Elegy with a Blue Wing
When the time arrived for revolution, our hands bloomed white
with carnations. The man with the steel and the man
with the machete stripped sugarcane from stalks
and sat like children to gnaw the fiber. The sun gave up
the earth and the world as we knew it ended not in fire
but in the midnight darkness of a winter road.
We accepted this; a land without light excited us.
We used our tongues to taste the embered air and our shoulders
with no armor to know the wind's direction.
We walk the length of the forest without you, though some nights
you're beside us and again we're showering in summer light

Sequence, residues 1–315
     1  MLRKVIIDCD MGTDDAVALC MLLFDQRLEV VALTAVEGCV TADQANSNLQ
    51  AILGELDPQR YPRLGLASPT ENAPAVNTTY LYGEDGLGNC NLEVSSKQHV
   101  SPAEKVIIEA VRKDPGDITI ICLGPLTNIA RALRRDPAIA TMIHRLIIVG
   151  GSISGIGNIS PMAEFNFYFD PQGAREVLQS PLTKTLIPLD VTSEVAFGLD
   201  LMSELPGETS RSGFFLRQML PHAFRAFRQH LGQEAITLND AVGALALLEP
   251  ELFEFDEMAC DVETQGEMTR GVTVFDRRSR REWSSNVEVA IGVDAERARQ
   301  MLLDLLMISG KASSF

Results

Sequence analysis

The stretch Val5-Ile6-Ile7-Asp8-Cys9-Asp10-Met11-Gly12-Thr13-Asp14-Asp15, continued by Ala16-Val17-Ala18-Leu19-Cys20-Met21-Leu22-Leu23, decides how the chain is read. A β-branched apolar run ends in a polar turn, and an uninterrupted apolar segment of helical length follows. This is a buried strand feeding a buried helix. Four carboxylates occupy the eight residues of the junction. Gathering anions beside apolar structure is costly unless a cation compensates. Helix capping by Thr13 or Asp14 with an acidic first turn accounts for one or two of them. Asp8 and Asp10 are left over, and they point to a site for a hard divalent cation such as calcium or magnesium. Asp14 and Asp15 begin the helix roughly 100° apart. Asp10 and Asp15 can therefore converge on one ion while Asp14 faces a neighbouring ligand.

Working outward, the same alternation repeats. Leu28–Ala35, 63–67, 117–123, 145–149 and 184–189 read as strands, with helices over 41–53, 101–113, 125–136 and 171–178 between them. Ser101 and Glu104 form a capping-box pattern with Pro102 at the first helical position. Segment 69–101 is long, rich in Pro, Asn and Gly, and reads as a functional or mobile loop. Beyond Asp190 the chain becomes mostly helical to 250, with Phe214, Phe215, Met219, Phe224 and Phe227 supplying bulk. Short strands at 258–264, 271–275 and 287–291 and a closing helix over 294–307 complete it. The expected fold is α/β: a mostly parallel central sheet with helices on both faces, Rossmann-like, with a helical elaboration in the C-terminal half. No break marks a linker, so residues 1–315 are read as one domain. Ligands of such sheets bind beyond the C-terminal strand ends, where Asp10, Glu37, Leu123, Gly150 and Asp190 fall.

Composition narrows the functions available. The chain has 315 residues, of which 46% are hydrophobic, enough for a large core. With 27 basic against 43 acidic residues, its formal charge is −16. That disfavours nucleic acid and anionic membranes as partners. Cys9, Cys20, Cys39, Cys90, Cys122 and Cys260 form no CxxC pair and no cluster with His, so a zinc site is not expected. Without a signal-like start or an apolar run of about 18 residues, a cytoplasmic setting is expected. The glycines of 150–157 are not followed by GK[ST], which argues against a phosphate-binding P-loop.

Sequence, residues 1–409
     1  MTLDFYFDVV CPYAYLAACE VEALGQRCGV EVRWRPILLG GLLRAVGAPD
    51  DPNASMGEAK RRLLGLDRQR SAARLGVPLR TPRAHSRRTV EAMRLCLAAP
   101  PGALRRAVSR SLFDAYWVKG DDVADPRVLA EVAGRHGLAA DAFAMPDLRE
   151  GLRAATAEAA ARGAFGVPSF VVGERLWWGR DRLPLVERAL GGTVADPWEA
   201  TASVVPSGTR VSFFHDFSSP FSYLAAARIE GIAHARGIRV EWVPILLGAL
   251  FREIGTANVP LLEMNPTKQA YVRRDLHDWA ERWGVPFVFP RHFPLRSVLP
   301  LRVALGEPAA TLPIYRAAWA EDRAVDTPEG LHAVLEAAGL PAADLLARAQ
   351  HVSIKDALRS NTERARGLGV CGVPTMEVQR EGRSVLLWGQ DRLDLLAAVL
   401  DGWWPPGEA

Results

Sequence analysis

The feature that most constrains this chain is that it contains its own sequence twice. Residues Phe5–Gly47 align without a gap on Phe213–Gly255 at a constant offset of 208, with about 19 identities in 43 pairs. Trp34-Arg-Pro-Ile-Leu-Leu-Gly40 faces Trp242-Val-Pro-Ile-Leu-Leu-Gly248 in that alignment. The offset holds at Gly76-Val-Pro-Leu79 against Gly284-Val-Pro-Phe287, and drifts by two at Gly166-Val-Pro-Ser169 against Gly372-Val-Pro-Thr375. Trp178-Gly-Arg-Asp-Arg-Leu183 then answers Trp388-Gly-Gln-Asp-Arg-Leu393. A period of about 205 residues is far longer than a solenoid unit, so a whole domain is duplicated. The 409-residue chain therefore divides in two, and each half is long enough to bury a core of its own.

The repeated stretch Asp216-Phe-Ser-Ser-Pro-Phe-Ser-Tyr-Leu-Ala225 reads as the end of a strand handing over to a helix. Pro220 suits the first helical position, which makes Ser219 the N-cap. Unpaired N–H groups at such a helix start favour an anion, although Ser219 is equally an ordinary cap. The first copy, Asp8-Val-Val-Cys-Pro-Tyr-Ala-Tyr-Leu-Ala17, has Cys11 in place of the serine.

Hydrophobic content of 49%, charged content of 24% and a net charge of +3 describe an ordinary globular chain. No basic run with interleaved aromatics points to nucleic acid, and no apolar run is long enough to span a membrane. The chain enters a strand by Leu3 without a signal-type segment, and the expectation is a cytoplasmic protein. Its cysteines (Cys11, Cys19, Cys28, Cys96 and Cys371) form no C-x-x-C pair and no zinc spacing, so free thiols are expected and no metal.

and again we're lying our bodies across a field
of dead leaves in autumn. I wish I could show you
how good I've become at counting to ten by tapping my fingers
against hip bones when rain pounds the wickered dark.
I know how to breathe underwater now. I know what's beyond
the wish we had for a changed world. In my solitude I'm free
to remember you. Some days the memory aches like spice
on the heart's drum; some days it's a blue wing, lifting.
BY BRYNN SAITO
Brynn Saito is the author of the poetry collection The Palace of Contemplating Departure, winner of the Benjamin Saltman Award and forthcoming from Red Hen Press (March, 2013). Her poetry has been anthologized by Helen Vendler and Ishmael Reed; it has also appeared in Ninth Letter, Hayden’s Ferry Review, Pleiades and Drunken Boat. Brynn was born in the Central Valley of California to a Korean American mother and a Japanese American father. Currently, Brynn lives in the Bay Area and teaches in San Francisco.